25th Annual European Film Awards

25th European Film AwardsCongratulations to Helen Mirren on the achievement in world cinema award presented to her at the 25th annual European Film Awards in Malta on Saturday.

After the ceremony, whilst talking to the Guardian, Ms Mirren spoke about the UK film industry’s lack of focus on the European market, instead putting its efforts into the United States. “I think we have the great misfortune in Britain of speaking American. We’re always looking over there to sell our movies. And the brilliance of European film is that they can’t do that because Americans won’t watch movies with subtitles… So a [European] film has to be spectacularly successful to be shown in America.”

The point being that throughout Europe, film makes don’t try to tailor their films to the US market because they will never be successful.  Unfortunately, this may not be the case in the UK.  This is very strange as Europe is the biggest market for British cinema.  As Mirren said that night; “In a weird way it’s [sharing a language with the US] kind of paralysed us. The best movies [we make] are the truly authentic British movies, without looking at the American market – by Ken Loach, by Andrea Arnold. They look the other way; they see themselves as European film-makers.”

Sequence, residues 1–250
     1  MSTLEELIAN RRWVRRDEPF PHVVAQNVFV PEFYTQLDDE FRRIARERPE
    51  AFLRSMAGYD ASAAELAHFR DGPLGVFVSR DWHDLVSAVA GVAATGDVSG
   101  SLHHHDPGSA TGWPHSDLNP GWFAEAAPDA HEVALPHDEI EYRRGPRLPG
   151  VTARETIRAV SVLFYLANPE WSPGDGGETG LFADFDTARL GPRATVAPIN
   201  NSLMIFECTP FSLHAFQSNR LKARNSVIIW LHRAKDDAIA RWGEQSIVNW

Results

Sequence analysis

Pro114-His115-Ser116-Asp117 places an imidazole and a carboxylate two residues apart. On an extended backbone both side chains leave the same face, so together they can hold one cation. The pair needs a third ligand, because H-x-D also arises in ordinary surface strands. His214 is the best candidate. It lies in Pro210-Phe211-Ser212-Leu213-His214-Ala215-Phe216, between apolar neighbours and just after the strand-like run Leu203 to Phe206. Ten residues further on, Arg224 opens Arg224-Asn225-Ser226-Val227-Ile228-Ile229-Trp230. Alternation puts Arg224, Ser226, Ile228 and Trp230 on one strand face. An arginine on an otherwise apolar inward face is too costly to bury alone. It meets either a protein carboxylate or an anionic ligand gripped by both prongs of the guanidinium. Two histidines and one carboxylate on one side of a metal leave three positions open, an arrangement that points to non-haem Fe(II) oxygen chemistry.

The European film awards are administered in Berlin and were founded 25 years ago by the director Wim Wenders as an alternative to the Oscars. In his opening address, Wenders advocated greater investment in European cinema as a cure for the economic and identity crises from which he felt the continent was suffering. “With cinema we can rightfully own and convey the European dream.”

There is perhaps a more pragmatic reason for investing in European films as well.  The creative industries are now a significant part of the European economy, especially in major European cities like London.  Many countries, including the UK already have state funded investment in film, but we could do more.  You can go anywhere in the EU and find cinemas dominated by films originating from Hollywood.  This means fewer opportunities for European films to make money, and more importantly, fewer chances for EU citizens to see them.

It’s time we thought seriously about how we can help films originating from within the EU get greater distribution.  We have a rich and varied cinema industry in Europe, we should be doing more to help promote it.

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